He was holding Jones accountable for all manner of slights. That Jones was a hero of the 1988 Olympics—where losing the gold medal on a controversial decision in the 156-pound final made him more famous than he would have been had he won—gnawed at Toney, by his own admission a former crack peddler. "Olympic medal," he snorted. "This country's done nothing for me. I'll bust that punk's ass for that." There was not a single social issue, when you got down to it, that could not be solved by simply busting Jones's punk ass.
People who know Toney wondered at times if this anger wasn't a put-on. He is, they said before the fight, generous to friends and strangers, and under the tutelage of 69-year-old trainer Bill Miller he has sometimes exhibited a kind of citizenship that belies his image. Friends said he can be a fun guy, a prankster who'll climb balconies to get into your hotel room and put syrup on your toilet seat or crunch potato chips between your sheets.
But there were manifestations of apparently real anger that were frightening. Toney's stated willingness to shoot his father, who is in jail on a rape charge and who shot Toney's mother when toddler James was in her arms, seemed genuine. And there are enough flashes of menace to keep those around him on their toes.
Last week manager Jackie Kallen was reminiscing about all the fun times with Toney when she suddenly remembered that they didn't always turn out to be such a hoot: "You know, we laugh now, but it's not funny when I have to sneak a sparring partner out of the hotel in the middle of the night. We lost a good one the other day. He was afraid James was going to shave his head." (After the fight, Kallen had reason to fear for her own person when Toney threatened to kill her. Though he backed off and no charges were filed, Toney also threatened to dismiss Kallen as manager.)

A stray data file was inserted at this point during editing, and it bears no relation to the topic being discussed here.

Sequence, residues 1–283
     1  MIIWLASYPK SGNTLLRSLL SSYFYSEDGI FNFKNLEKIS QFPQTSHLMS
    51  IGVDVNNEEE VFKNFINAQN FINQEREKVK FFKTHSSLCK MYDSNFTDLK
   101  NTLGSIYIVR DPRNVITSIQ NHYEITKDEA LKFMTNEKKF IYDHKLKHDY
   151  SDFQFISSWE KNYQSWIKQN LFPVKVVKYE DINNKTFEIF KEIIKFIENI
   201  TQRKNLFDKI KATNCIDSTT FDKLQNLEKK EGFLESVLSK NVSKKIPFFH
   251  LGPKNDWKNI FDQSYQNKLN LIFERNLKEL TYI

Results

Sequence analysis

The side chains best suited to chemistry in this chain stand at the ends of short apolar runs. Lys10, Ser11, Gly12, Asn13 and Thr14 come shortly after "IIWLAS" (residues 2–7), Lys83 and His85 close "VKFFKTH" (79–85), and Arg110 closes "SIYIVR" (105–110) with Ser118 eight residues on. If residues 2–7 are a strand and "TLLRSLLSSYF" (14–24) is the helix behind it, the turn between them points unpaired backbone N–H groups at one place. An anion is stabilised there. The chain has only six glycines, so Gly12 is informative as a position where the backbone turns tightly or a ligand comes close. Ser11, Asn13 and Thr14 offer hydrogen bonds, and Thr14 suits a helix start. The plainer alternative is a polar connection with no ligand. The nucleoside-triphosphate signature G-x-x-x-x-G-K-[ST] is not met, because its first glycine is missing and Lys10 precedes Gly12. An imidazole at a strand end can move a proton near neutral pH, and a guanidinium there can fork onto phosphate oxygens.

The cumulative effect of Toney's doomsday pronouncements, his Sonny Liston stare and his 44-0-2 record against some pretty tough middleweights produced a scare. One reporter, hearing from another that Toney was in a head-shaving mood, refused to conduct an interview in anything but a public space. All this was having no effect on Jones. A kind of wonder boy who had been nursed through the early stages of his career by a protective father, Jones has often been cast as overly cautious and tentative. Explaining why he had fought so seldom since turning pro in 1989—he was 26-0 going in against Toney—he said, "Boxing is a dangerous thing. You might not come out of a fight the same way you went in." And yet he didn't seem much shaken by Toney's promise of trouble.
"Who cares about a mouth?" Jones said the day before the bout. "You've got birds that can talk." Even a magnificent showdown at the prefight press conference left Jones merely nonplussed. "All I could think," Jones said, "was that he's so doggone ugly."
Jones's reluctance to enter the ring except under ideal conditions, and his disappearances from public life between fights, allowed boxing people to think he was underconfident. And the fact that he had become estranged from his father, however nettle-some Roy Sr. had become to the boxing establishment, and had placed himself under an amateur trainer named Alton Merkerson did not give his enterprise any added credibility. The Toney camp especially zeroed in on Jones's relative lack of competition on the way to his IBF middleweight title (which he forsook to make this fight). Maybe Jones had never lost a round, Toney trainer Miller said, but that was against lackluster opponents such as Bernard Hopkins and Thomas Tate. "Them fellows wouldn't throw rocks in a race riot," Miller declared.
As is often the case in boxing, everybody was wrong about everything. In the ring Toney's hardness of heart was irrelevant. And whether Jones would rather train his horses in Pensacola, Fla., than risk disfigurement in Las Vegas was beside the point as well. All that mattered was that Jones was too good an athlete, too creative a performer, too spontaneous a boxer to brook competition from Toney or anybody else.
And all that's left to lament is that Jones does not have a Hagler or a Hearns out there to cast his talents in the proper perspective. Then again, competition could become unnecessary to the proper enjoyment of his abilities. We'll just have to learn that boxing, at least in the Jones era, is not so much a fistic debate as it is a soliloquy.